Thursday, August 20, 2009

What We're Listening To: Tish

The Underneath [sound recording] by Kathi Appelt ; read by Gabra Zackman.
This is Kathi Appelt's first novel about an old hound that has been chained up at his hateful owner's run-down shack, and two kittens born underneath the house, who endure separation, danger, and many other tribulations in their quest to be reunited and free.
Gabra Zackman's interpretation of this Newbery Honor Book is so soothing that it captures the imagination of her listeners. Suitable for ages 10 and up.

Wednesday, August 19, 2009

Family Movie Night

The library will be holding a free Family Movie night tomorrow, Aug. 20 at 7 p.m. Come see Bedtime Stories with Adam Sandler in the Library Programming Center. Refreshments will be available for purchase, with proceeds benefiting the Friends of the Library.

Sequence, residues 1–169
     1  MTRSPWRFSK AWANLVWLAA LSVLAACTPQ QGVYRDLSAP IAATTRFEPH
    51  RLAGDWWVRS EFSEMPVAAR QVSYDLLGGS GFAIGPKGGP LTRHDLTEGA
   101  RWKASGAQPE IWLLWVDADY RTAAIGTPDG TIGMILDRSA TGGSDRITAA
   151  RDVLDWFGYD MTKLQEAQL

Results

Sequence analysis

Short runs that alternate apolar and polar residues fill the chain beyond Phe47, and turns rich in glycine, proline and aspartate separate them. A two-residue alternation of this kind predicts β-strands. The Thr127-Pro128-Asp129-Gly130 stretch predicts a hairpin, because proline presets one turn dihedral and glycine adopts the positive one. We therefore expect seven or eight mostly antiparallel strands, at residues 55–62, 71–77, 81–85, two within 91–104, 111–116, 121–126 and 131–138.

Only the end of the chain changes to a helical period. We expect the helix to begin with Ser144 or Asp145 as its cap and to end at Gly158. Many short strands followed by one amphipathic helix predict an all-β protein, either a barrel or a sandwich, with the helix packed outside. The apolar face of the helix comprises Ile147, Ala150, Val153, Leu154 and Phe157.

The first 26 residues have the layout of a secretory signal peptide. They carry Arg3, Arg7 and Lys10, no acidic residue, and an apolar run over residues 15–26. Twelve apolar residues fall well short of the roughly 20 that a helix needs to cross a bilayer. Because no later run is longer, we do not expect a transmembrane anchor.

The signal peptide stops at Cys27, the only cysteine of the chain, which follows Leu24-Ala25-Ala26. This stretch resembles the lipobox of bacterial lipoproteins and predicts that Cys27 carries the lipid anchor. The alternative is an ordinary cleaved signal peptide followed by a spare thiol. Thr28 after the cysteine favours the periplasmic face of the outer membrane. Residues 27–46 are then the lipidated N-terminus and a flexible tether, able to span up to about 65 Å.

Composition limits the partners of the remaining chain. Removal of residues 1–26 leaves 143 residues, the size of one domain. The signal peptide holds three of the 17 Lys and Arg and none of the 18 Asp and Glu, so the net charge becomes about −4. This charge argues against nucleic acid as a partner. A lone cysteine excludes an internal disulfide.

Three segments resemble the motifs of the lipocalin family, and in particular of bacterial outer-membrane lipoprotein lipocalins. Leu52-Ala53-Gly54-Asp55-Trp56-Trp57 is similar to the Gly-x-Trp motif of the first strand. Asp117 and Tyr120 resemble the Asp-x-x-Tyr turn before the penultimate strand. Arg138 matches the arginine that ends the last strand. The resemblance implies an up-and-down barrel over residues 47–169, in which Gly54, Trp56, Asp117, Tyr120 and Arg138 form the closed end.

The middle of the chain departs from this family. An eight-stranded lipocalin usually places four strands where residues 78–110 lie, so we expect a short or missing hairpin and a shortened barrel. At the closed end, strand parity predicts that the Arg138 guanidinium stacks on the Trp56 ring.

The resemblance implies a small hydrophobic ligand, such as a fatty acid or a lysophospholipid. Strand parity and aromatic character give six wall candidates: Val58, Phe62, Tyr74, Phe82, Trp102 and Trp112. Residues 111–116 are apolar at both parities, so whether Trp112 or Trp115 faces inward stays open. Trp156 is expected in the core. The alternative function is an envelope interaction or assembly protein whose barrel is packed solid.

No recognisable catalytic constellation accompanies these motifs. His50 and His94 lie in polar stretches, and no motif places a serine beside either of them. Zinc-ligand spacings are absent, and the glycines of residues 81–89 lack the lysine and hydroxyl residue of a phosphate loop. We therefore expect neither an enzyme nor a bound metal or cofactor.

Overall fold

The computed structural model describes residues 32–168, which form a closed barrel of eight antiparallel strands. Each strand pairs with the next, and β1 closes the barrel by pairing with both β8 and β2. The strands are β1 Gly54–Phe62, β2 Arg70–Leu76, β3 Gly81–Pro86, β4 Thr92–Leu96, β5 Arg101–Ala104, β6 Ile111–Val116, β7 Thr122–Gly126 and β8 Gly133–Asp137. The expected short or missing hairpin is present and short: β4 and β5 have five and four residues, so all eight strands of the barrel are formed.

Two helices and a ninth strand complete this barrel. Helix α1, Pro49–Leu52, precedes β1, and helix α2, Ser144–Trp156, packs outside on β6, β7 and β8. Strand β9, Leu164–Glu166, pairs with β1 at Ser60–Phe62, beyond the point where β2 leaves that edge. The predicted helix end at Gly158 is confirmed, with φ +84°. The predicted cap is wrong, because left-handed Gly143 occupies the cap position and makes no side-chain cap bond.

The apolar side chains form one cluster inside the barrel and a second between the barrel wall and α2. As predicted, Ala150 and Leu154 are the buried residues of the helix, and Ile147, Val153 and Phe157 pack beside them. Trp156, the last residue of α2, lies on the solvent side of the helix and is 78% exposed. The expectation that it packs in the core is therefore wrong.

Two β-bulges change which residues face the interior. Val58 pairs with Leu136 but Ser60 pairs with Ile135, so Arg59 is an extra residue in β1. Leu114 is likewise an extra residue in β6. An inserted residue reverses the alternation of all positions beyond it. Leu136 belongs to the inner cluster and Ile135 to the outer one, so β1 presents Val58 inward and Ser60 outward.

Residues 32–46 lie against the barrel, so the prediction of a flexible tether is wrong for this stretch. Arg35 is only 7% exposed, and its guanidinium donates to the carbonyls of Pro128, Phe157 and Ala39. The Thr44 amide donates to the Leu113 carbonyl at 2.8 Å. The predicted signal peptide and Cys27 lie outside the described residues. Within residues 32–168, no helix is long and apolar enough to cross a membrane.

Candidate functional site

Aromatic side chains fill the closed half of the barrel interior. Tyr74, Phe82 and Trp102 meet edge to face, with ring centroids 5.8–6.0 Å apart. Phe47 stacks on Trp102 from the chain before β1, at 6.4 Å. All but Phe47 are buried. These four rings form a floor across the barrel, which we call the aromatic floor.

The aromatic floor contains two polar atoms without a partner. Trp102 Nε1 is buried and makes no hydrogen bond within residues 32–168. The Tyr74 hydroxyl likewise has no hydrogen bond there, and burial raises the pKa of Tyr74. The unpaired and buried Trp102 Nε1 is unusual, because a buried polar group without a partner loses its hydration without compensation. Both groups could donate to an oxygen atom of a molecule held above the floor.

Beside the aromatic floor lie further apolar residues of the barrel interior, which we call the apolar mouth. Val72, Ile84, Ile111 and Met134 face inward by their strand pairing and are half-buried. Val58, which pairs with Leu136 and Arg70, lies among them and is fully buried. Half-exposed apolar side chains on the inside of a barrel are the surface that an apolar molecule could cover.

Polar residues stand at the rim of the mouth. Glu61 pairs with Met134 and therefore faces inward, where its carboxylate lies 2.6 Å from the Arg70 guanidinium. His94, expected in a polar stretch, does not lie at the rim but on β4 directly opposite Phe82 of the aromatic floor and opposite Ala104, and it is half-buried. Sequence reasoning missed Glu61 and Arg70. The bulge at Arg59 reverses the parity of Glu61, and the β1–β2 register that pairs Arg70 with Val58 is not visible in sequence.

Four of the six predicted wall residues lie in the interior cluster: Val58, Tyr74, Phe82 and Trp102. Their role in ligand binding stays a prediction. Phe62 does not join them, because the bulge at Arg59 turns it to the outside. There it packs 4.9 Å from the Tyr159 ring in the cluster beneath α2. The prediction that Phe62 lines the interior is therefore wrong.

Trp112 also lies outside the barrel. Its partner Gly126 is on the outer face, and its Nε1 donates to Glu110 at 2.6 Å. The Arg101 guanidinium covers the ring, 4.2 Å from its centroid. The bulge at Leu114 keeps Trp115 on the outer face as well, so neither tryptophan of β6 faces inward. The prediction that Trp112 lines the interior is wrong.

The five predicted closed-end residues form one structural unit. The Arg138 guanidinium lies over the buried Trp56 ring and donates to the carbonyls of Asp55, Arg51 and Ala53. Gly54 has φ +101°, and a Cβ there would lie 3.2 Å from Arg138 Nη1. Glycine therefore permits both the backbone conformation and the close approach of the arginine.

Tuesday, August 18, 2009

What We're Reading: Tracy

Merit Badge Series: Astronomy, by the Boy Scouts of America.

The library just received the latest versions of all the Boy Scout Merit Badge pamphlets. Featuring new, full color photography throughout the completely updated texts, these pamphlets are great introductions to their topics for any reader. We have 114 different titles, shelved in the Youth Services non-fiction area at j369.43 BOY. Stop by and check them out!

What We're Reading: Cathy

Figures in Silk by Vanora Bennett is the story of two sisters, daughters of a London silk merchant. Jane becomes the infamous mistress of King Edward IV while her sister, Isabel, becomes the secret mistress of his brother, Richard III. This novel focuses on merchant London rather than the royal palaces or the wars and so you get a better idea of how the doings of the nobility affected the lives of those "below" them.

Monday, August 17, 2009

What We're Reading: Edward